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Joined at the Claw

Piecey Saunders, left, jokes with Mexican worker Nelia Manzanares Angel at J.M. Clayton Seafood in Cambridge.
Piecey Saunders, left, jokes with Mexican worker Nelia Manzanares Angel at J.M. Clayton Seafood in Cambridge. (By Sarah L. Voisin -- The Washington Post)

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By Krissah Williams
Washington Post Staff Writer
Tuesday, June 5, 2007

CAMBRIDGE, Md. -- Jack Brooks tried hiring prisoners just out of jail. He sent a bus to Baltimore to pick up workers from an unemployment center. He recruited high school dropouts at vocational schools. Anything to keep his century-old family business running.

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But if Marylanders regard the crabbing life as the state at its most real and romantic, hardly anyone wants a dirty, smelly, hand-gouging job that keeps you in a metal chair up to nine hours a day, lasts only eight months a year and pays about $15,000 for the season.

So now this 56-year-old man -- whose thumbnails, crushed by crab claws, bear witness to his labor -- spends his time filling out forms and sending notarized documents to federal agencies for permission to bring Mexicans to steam and pick crabs at his family's J.M. Clayton Seafood.

He is one of the people at the heart of the debate in Washington over a proposal to expand the ranks of foreign workers as part of a wholesale reworking of immigration law. So is Olga Gonzales, one of the 100 Mexicans working for him.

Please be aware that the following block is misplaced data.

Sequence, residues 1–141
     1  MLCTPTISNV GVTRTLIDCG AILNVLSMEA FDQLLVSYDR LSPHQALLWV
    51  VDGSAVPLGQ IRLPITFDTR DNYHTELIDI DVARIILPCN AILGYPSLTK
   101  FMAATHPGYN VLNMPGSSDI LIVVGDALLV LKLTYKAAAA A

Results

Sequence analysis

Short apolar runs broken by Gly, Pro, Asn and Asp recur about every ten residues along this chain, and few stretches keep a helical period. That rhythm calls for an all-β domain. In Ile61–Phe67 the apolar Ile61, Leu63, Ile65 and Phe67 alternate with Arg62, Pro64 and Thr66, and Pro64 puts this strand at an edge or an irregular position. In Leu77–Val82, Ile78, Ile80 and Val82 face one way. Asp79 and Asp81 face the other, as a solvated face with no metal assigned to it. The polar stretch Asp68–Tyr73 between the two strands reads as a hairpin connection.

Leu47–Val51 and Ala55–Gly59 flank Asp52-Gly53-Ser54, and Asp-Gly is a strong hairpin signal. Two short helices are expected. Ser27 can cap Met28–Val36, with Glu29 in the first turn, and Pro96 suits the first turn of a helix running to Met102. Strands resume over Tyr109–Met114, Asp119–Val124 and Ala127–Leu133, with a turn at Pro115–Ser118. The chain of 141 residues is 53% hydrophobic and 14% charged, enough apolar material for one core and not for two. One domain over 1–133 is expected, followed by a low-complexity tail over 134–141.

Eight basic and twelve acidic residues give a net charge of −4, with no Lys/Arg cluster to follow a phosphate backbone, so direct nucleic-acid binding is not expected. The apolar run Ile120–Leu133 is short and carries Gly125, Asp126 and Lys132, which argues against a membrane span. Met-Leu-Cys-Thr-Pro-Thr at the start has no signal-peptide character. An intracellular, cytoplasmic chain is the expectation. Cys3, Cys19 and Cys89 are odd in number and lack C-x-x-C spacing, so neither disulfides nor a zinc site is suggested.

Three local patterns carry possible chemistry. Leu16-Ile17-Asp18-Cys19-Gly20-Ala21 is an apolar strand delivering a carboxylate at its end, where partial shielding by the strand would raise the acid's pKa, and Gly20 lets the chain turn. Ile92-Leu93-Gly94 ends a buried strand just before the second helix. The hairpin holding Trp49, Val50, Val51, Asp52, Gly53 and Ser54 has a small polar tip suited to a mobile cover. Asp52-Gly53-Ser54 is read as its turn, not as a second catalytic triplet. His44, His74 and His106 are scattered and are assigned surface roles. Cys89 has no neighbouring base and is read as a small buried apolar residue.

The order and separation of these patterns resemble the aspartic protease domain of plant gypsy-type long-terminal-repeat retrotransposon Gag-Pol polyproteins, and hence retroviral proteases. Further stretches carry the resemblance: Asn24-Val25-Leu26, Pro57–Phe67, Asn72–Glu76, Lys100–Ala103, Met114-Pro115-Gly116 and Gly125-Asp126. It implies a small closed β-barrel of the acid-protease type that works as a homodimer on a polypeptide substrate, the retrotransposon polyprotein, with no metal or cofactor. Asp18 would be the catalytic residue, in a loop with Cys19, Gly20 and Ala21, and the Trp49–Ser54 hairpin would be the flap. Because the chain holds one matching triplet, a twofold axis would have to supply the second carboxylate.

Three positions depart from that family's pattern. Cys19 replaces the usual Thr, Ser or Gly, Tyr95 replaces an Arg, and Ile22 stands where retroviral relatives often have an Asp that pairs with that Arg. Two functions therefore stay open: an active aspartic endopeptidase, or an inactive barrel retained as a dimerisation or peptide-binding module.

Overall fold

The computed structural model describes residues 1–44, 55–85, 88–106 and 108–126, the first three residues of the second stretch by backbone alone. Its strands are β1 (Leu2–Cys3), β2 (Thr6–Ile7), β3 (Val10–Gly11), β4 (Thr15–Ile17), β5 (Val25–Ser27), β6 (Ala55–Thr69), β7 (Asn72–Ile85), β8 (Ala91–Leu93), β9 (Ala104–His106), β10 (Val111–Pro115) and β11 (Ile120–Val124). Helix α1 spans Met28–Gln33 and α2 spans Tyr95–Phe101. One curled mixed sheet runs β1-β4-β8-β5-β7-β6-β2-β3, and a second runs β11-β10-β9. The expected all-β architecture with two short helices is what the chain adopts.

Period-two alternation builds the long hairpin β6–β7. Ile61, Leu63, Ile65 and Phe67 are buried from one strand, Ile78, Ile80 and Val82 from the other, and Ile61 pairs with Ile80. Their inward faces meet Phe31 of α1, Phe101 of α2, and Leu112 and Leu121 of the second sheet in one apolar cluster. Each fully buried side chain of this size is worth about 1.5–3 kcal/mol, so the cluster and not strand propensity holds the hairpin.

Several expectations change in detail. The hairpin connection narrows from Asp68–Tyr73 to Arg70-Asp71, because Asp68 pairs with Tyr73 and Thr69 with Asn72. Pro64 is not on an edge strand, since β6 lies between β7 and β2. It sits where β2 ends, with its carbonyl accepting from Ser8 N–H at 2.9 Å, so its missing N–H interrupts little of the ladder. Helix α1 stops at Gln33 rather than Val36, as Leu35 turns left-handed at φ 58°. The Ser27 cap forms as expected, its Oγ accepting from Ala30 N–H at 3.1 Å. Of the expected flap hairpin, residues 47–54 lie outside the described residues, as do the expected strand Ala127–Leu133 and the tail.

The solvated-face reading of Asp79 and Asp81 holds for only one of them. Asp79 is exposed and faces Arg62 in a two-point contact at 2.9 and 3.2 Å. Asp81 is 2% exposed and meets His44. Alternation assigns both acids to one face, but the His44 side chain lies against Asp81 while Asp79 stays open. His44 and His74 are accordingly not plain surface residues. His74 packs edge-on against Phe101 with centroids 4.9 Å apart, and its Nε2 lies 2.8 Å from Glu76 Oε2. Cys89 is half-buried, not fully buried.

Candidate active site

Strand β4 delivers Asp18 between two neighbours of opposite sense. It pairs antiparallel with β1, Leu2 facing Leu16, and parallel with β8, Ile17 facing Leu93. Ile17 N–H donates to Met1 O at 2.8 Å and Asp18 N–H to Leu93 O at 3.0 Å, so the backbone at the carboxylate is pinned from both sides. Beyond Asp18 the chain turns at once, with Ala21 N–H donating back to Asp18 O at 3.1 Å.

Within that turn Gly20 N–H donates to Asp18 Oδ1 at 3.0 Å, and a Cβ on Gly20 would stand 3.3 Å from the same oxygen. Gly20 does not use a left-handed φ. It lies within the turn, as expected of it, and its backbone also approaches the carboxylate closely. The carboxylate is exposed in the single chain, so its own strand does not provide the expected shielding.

They are unlikely partners.

Brooks was born and schooled on Maryland's Eastern Shore, on the banks of the Choptank River. He drives through the cobbled streets of Cambridge and smiles as he calls out a "How are you?" to Sissy Jones, one of about a dozen local residents who still pick crabs for his family, as did her mother and aunt before her.

All he can say to Gonzales and his other Mexican employees is hola. All they know of his community is the aging Clayton Seafood crab house with its white walls and cold cement floor, weekly trips to Wal-Mart, Saturday night mass at St. Mary Refuge of Sinners, and watching the one Spanish television station in the rickety rental homes they share.

Yet Brooks and Gonzales are bound by the global economy. One in need of work. The other in search of laborers.

If Gonzales had her druthers, she would toil in Mexico, sticking close to her 4-year-old daughter and elderly parents.

"If you don't come here, you don't eat in Mexico," she says matter-of-factly after a full day of picking crabs.

If Brooks had his, he would employ Americans.

"I don't want to deal with this bureaucracy," Brooks said. "Every year, we are vulnerable. . . . This is not my perfect world, but this is what keeps us going."


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© 2007 The Washington Post Company

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